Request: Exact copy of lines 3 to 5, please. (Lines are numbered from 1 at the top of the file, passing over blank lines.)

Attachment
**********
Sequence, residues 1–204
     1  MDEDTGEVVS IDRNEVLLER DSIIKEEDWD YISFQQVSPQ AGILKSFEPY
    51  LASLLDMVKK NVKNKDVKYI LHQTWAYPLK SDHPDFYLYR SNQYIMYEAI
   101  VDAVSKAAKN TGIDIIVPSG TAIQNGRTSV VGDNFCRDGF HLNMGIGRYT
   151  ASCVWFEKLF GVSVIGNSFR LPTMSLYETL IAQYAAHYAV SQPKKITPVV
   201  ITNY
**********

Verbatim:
    51  LASLLDMVKK NVKNKDVKYI LHQTWAYPLK SDHPDFYLYR SNQYIMYEAI
   101  VDAVSKAAKN TGIDIIVPSG TAIQNGRTSV VGDNFCRDGF HLNMGIGRYT
   151  ASCVWFEKLF GVSVIGNSFR LPTMSLYETL IAQYAAHYAV SQPKKITPVV